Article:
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Mason


BEST STORY


THE BATTLE FOR JABOT, THE YOUNG AND THE RESTLESS


A year ago, the Abbotts were reveling in the fact that Jabot was safely back in the family. The celebration proved premature, though, because Victor still held a promissory note, payable on demand. When Jabot launched a cosmetics teen line to directly compete with Brash & Sassy, Victor called in the hefty balloon payment, prompting Jack to ask for money from everybody in town, with the possible exception of Miguel. Unaware that Victor was pulling the strings, a disbelieving Jack exhausted all avenues until it looked like The Mustache would once again get his hands on the company that the Abbotts had built. At the 11th hour, Nikki stepped in with a sizable check, which, combined with Brad's millions, saved Jabot from Victor's clutches. Curses, foiled again.

THE YOUNG AND THE RESTLESS knows exactly how to personalize the corporate intrigue. Now, Victor's ex-wife, Nikki, and his mortal enemy, Brad, have a voice at Jabot, making them forces to be reckoned with. And Victor's unexpected romance with Ashley was nipped square in the portfolio when she learned that her ex was once again going after her brother. Jabot may have staved off Victor's latest attack, but you know that he'll be trying to take over that company until Genoa City freezes over. Even the great Victor Newman may have trouble going up against Jack, Ashley, Nikki and Brad - unless, of course, one of them gets enterprising and switches sides.
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Mason


WORST STORY


HELENA/CHLOE/LUCKY, GENERAL HOSPITAL


GENERAL HOSPITAL, by and large, is not a show that indulges in disbelief-suspension storylines. Which is why, perhaps, viewers felt at a loss when they found themselves facing two such fantastical tales this year: Chloe's psychic dreams and Lucky's brainwashing.

Let's first review the Chloe yarn. Helena runs down Chloe (thinking that she's Alexis), rendering Chloe blind. Chloe then develops a brain tumor, and discovers that she's able to see through Helena's eyes via dreams. While in theory, this fable had potential (Helena essentially causing her own undoing), it quickly became cartoonish and dragged-out. Save for the time Helena (clad in Catwomanly garb, no less) tried to kill Chloe, Mrs. C did little more than lurk after her "prey". And let's not forget the convoluted medical plot points that alternately had Chloe fearing for her survival, then barely mentioning her life-threatening malady.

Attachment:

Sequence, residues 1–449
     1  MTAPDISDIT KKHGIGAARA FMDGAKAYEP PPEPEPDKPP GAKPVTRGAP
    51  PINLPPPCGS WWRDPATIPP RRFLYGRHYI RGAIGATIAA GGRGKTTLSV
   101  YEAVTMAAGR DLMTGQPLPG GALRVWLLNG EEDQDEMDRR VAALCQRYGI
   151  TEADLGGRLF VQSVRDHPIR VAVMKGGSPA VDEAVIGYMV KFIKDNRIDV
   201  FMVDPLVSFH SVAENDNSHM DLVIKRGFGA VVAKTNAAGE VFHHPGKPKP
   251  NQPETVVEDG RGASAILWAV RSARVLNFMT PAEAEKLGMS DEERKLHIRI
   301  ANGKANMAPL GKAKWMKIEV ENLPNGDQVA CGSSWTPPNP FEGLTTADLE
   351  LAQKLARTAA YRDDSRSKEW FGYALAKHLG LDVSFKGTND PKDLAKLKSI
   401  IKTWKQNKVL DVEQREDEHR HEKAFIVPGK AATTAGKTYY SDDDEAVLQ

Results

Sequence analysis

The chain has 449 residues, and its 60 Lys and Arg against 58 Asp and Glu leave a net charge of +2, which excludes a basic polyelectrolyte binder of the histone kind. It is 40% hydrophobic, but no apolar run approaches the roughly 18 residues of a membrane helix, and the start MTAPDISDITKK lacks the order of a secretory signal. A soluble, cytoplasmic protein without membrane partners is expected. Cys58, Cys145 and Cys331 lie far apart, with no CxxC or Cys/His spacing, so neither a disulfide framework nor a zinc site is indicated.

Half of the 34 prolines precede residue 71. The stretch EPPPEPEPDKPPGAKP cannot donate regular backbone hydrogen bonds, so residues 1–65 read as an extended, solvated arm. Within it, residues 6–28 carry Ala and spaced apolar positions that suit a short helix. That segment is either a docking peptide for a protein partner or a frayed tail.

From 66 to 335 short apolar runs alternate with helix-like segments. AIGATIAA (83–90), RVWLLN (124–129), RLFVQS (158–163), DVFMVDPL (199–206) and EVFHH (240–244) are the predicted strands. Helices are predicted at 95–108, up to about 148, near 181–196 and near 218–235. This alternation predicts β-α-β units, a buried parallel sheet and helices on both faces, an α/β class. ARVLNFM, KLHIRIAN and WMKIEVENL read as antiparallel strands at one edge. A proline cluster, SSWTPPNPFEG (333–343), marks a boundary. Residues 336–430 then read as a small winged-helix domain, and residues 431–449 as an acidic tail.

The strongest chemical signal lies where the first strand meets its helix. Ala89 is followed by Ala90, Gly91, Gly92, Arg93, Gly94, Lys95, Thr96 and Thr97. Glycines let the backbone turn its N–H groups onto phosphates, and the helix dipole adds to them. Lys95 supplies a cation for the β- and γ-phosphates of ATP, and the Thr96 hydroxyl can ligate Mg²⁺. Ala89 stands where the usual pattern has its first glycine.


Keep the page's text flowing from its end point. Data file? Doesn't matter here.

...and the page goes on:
As for Helena's masterminding of Lucky's brainwashing, that, too, appeared initially to have promise. What better revenge against long-time enemies Luke and Laura than to cause them to lose their son twice - first by "killing" him, then returning him alive, but hateful and changed. What should have become a struggle for Lucky's soul between his controller, Helena, and his parents, however, morphed into a silly story that had Helena more focused on using Lucky to get her grandson a girlfriend than unleashing her wrath.

These days, Lucky has moved into a more grounded story, but Chloe remains entrenched in her Eyes of Laura Mars-esque tale. Let's just hope GH sees clear to focus on a return to reality across the board...lest viewers start looking elsewhere for their afternoon entertainment.
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Mason


MOST IMPROVED SHOW


DAYS OF OUR LIVES


For a long time, DAYS OF OUR LIVES suffered the effects of head-writer roulette: After James E. Reilly's highly touted reign ended in 1997, the show was unfocused. Sally Sussman-Morina and Lorraine Broderick tried to pick up the pieces, but couldn't. In fact, Broderick lasted a mere two months before Executive Producer Tom Langan assumed the post of head scribe in September of '99.

Well, Langan, who previously toiled at THE YOUNG AND THE RESTLESS, must have learned a lot from soap master William J. Bell because DAYS has made a remarkable turnaround. Langan's first order of business: Concentrate on basics, especially families. To that end, he brought back fan favorites like John Aniston (Victor), Bill and Susan Seaforth Hayes (Doug and Julie), and most recently, Melissa Reeves (Jennifer), which helped repair fractured clans. He reunited couples who had been apart far too long (Bo and Hope, John and Marlena), moved others (like Abe and Lexie) to the front-burner and created realistic problems for all. And he successfully wove Generation Next, who had been woefully under-represented, into Salem society.

At the same time, Langan didn't completely abandon the wacky plots that DAYS fans are used to. (Hattie worked; Virtual Reality didn't.) He streamlined the show by cutting out annoying plot recap and abolished the lazy-writer habit of incorporating frequent flashbacks. After all that, he crafted a tale that touched nearly everyone in town: John fathering Hope's baby. The repercussions have - and will - provide storyline for a long time.

If these are the changes that Langan, Executive Producer Ken Corday and Co. have made in merely a year, the future looks very bright in Salem, indeed.




(This is such a crock. Langan was one of the worst head writers DAYS ever had, and his tenure was the first time I was ever bored with the show. Then again, the fact that they named it Most Improved for the same year that gave us Virtual Garden of Crap pretty much says it all.)
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Mason


MOST DISAPPOINTING SHOW


ONE LIFE TO LIVE